Has Catapulted Gale Harold to Stardom
PM Magazine May 2001 issue
Gale Harold wasn't what the producers expected
when he showed up on the final day of casting for the Americanized version of "Queer As Folk"
the other hand he was better than what they had anticipated. Co-producer Dan
Lipman probably said it best; 'Gale had it all!"
To think that three years before Harold considered acting a viable career option, he ran a motorcycle shop in
of late, the handsome Mr. Harold is making his
He studied at American UnivesJty in Washington, DC and the San Francisco Art Institute.
Suzy Landau, a producer for the Francis Ford Coppola films "Dracula" and "Tucker", encouraged him to pursue a career in the theatre.
And although he played 'Bunny' in Gillian Plowman's "Me And My Friend", with a feature film debut as 'Booker" in Paul Scheuring's "36K",
before returning to the stage in productions of "The Misanthrope", and "Cymbeline",
remained by his own admission "massively unknown" until being cast as
Brian Kinney in Showtime's "Queer As Folk".
At 28-years-old, Gale Harold has embraced stardom by playing a gay hero who is unapologetically promiscuous.
at once it became giant step for gay rights and cable television. For Gale it
was a bit much.
"While this guy is a blast to play because he holds nothing back, the sex scenes were kind of mindblowing.
It was intense because we are talking television here. You've got this cavalier predator having his way with a 17-year-old,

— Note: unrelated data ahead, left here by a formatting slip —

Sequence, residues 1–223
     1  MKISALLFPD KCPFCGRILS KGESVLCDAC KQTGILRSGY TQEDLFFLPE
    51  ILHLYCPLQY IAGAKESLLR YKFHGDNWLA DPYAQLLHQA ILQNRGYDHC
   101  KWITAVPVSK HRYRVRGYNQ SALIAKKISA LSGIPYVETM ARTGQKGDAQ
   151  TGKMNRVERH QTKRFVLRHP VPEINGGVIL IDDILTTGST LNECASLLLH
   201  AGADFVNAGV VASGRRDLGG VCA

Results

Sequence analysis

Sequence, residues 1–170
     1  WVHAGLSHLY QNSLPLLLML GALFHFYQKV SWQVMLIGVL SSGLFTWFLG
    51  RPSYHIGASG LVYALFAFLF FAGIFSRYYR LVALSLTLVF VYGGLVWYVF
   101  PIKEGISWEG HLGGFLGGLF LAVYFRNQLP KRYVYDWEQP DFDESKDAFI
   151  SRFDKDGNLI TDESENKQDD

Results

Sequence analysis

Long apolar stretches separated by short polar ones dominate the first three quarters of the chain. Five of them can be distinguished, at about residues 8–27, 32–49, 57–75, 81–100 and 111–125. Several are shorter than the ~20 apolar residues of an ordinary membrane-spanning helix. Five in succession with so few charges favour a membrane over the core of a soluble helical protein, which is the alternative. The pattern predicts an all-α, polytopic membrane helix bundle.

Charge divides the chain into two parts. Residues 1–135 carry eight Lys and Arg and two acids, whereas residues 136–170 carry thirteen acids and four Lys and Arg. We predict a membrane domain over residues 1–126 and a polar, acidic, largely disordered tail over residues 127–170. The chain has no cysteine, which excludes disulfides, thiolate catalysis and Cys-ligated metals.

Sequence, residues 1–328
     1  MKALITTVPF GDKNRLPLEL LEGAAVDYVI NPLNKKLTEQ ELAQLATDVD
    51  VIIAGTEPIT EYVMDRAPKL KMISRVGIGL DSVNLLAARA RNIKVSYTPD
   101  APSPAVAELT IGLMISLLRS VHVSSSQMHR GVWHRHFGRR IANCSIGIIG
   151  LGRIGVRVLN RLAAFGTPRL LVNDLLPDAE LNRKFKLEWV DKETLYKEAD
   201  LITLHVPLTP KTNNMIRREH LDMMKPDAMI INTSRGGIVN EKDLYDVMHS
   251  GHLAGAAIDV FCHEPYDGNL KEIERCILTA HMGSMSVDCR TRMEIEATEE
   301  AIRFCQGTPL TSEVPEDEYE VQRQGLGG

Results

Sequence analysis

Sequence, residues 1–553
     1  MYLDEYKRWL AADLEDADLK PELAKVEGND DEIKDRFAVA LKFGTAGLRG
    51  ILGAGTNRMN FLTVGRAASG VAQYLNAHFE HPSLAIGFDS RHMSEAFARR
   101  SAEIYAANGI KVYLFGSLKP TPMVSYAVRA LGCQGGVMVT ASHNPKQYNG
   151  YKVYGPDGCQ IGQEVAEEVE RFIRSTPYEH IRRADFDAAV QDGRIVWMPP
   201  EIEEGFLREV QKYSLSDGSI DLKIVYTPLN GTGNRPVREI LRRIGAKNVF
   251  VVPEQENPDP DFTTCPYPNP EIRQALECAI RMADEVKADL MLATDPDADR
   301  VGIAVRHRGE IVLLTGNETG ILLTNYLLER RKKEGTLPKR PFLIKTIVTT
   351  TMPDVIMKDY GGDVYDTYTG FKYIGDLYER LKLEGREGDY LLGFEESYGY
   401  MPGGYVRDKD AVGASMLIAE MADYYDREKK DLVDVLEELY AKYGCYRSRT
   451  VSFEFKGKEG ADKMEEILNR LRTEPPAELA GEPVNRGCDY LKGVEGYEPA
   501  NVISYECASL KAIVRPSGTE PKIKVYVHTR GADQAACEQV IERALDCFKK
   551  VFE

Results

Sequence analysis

looks maybe 10, and the visual implications are unbelievable."
Not only were there visual implications with Gale's characterization of Brian as an archetypal gay Don Juan,
there were social ones too. Heterosexuals resented having to see the gay lifestyle played-out in their living rooms,
while gays charged that the promiscuity represented in the series was overstated.
something clicked and Gale Harold became a sex symbol for the millennium.
Austin Pendleton's macabre, yet sometimes witty story of a man and his nephew,
who in spite of their glaring differences, share a common desire for human connection, seems like the next big step for Harold to make in his career.
The young actor takes it beyond the melodrama about a fractured relationship between a self-loathing victim of AIDS facing a meaningless death,
and a disturbed young man facing a meaningless life. Gale Harold makes his portrayal real.
"I think my character, Josh, is more fleshed-out than any other I've played.
has written a great play with stimulating social significance."
"Uncle Bob", directed by Courtney Moorehead is terrific theatre with a charismatic cast,
veteran George Morfogen plays the lead, Uncle Bob, and the chemistry between
the older and younger actors is superb.
Gale is an incredible new talent with a raw and unbridled quality.
He stuns, he smolders and he sets the stage for a new era of leading man.
Catch this rising star at the SoHo Playhouse.